2016-06-16 / Front Page

Saco might sue over Camp Ellis jetty, erosion issue

By Ben Meiklejohn
Staff Writer

SACO – City Councilors discussed the possibility of taking legal action against the Army Corps of Engineers at the council's workshop meeting Monday, June 13. Councilors expressed frustration with the Corps' lack of action to move forward on proposals to help prevent the beach erosion that the city has battled for decades.

In 2007, the U.S. Congress approved $26.9 million to modify the 7,000-foot Camp Ellis jetty that was built in the late 1880s to maintain river access and navigation, and has been modified three times – in1933, 1955 and 1968. However, the funds have yet to be allocated to the Army Corps of Engineers for the project.

According to documents provided by the Saco Shoreline Commission, the Corps has identified the jetty it built as the cause for beach erosion at Camp Ellis.

City officials have been working since the early 1990s to devise a solution to the ongoing erosion, which has resulted in the loss of 38 properties on 2,500 feet of beach – or a loss of $200,000 in property tax revenue annually.

“Over 10 years, that's $2 million. Every home lost is $6,000 lost,” said Mayor Roland Michaud. “I ran for office in 1993 with the hope of resolving this. We are a little bit further, at least (Army Corps of Engineers) know that they're the key players. We're just another (storm) away from a disaster. As a community, we need to be thinking, 'How do we deal with this and really get something down?’”

In addition to lost property tax revenue, Michaud said annual maintenance costs to hold back erosion cost the city approximately $100,000.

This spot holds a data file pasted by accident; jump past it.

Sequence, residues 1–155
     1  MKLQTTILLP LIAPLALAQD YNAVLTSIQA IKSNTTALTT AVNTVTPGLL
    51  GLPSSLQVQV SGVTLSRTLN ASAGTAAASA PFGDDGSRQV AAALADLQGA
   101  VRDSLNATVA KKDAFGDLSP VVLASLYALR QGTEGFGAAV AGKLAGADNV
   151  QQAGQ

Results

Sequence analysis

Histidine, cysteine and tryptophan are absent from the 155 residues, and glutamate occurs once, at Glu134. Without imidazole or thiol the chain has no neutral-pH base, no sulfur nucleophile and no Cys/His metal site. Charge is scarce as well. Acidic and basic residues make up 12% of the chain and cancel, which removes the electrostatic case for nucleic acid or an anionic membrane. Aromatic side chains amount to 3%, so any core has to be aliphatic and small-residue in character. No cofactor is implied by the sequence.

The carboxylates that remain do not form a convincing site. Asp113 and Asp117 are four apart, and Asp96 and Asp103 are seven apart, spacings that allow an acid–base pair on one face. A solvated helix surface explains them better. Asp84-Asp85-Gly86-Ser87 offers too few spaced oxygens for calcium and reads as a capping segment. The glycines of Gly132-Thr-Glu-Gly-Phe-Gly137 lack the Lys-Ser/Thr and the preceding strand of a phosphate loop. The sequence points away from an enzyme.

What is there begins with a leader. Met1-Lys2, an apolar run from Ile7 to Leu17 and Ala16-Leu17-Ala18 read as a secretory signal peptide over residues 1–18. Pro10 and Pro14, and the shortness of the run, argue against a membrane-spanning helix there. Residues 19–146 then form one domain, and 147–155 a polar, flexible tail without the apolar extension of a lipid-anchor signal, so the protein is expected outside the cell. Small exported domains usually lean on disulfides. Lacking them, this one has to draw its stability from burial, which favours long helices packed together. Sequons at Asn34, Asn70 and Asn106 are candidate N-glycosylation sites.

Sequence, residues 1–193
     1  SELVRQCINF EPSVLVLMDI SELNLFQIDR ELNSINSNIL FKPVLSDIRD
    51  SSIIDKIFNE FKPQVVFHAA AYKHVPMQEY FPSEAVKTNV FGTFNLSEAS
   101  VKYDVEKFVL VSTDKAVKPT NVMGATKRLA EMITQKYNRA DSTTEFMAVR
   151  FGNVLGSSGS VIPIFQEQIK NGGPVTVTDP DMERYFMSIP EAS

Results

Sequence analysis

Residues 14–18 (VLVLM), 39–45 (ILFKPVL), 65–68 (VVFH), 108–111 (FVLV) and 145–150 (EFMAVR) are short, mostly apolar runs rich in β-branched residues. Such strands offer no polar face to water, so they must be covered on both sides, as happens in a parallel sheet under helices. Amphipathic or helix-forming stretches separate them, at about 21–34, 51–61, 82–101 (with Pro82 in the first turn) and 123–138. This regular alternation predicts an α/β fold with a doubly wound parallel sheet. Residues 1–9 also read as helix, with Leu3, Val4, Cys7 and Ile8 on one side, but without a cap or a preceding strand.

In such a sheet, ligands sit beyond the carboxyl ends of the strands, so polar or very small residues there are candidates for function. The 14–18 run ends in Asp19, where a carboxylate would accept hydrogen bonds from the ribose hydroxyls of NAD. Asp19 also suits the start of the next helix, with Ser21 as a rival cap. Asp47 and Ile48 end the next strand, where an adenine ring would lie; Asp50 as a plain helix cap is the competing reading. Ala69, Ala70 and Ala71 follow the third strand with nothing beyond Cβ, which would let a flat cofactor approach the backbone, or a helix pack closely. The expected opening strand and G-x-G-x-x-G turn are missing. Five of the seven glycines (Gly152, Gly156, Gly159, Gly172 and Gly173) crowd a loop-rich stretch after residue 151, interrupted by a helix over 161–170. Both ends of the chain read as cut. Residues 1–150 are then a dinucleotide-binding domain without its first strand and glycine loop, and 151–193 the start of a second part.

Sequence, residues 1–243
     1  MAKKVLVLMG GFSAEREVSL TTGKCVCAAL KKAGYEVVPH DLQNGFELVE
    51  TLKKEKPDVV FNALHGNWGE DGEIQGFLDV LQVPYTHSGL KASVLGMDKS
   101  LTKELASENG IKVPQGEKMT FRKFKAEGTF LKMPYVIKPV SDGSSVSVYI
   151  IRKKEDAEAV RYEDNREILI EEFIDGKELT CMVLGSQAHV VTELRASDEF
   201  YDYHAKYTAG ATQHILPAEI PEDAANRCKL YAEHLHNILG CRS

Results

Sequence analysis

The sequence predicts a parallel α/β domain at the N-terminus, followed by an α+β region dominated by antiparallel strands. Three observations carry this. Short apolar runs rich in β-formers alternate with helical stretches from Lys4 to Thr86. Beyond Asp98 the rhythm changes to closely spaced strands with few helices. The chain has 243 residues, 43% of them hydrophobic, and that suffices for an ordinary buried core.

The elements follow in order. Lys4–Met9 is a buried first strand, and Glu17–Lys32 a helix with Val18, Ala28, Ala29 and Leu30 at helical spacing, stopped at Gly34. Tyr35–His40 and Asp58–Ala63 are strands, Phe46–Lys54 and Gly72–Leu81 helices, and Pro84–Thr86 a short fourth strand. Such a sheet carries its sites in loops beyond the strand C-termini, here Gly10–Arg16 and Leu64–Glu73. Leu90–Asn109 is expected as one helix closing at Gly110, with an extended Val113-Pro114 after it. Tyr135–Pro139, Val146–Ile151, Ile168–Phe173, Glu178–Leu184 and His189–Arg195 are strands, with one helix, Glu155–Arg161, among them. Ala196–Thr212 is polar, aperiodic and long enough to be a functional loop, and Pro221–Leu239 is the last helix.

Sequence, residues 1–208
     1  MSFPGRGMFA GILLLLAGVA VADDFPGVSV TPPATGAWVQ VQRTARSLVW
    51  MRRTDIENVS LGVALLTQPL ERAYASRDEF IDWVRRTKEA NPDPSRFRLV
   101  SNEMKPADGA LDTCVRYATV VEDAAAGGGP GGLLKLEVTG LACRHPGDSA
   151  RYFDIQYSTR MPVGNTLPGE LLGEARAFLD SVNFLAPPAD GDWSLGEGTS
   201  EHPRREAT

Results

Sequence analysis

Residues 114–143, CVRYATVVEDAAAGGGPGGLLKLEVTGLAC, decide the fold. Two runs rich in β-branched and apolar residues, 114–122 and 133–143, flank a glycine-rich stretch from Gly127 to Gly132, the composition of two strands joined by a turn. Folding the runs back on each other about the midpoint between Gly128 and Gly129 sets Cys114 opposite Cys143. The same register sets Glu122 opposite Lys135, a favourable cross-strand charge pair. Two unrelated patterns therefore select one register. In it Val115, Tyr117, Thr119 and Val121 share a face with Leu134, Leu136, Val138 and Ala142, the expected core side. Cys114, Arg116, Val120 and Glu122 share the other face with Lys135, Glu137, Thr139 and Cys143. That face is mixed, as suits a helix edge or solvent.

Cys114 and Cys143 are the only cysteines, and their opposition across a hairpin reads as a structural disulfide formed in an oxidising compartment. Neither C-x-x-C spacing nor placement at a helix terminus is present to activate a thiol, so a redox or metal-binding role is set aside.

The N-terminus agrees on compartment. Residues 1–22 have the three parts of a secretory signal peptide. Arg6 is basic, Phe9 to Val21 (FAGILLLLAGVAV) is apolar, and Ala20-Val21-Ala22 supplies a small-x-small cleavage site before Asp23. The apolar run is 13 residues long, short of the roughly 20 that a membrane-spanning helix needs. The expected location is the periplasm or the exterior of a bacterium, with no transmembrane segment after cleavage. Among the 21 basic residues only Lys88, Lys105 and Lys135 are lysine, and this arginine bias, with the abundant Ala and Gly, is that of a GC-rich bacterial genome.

“That's $300,000 a year this is costing the city,” he said.

Two plans have been drafted to fix the problem. One plan, drafted by the Army Corps of Engineers, would build a 750-foot spur attached to the existing jetty, replenish up to 400,000 cubic yards of sand and cost $26.9 million. Another plan, preferred by the city, would build a 500-foot spur in the same location as the Corps’ plan, as well as two additional segmented spurs 300 feet long each. The city's plan was estimated in 2006 to cost $37 million.

Michaud said although the Corps drafted its plan, it was never approved by the national office and the city hasn't received an indication of any timeline for the plan's approval.

“The Army Corps has agreed that they are 100 percent responsible for what's going on down there,” said Saco Shoreline Commission Chairman Dean Coniaris. “What this means to Saco, we could lose up to 100 more homes, more tax revenue loss for the city of Saco forever. We have to ask the question: Can we be more aggressive?”

Ward 6 City Councilor Eric Cote said he favors the city exploring legal action against the Corps.

“There's no question they're responsible for the erosion on Ellis Island,” Cote said. “I think it's time to get a lawyer and sue them. The purpose of a lawsuit is to move something along.”

Ward 4 City Councilor Kevin Roche agreed with Cote and said the Army Corps of Engineers has been delaying moving the project. Roche also said a proposed partnership agreement by the Corps that would have held the city liable for the Corps' work, was unacceptable.

“The only way to get things done in this world is to either do it or threaten with legal action,” Roche said. “This is the year of action. I'm sick of the delays.

“With the partnership agreement, what that means is the Army Corps is trying to delay or scare us off. That we pay for or be liable for their work, that is unacceptable. It's their responsibility and their funds.”

Michaud agreed, saying, “What's troubling to me is asking us to guarantee their work and we know, as we said, that their work is not the best recommendation. What kind of company asks you to guarantee their work, which is what they're essentially asking with the partnership agreement?”

City Administrator Kevin Sutherland said beach erosion impacts the city further because property owners are deterred from developing the area.

“If it's safe, those valuations would rise. There's serious tax revenue if everything's stable down there and it's a destination,” Sutherland said.

Michaud said city staff would explore the possibilities and costs of taking legal action against the Corps.

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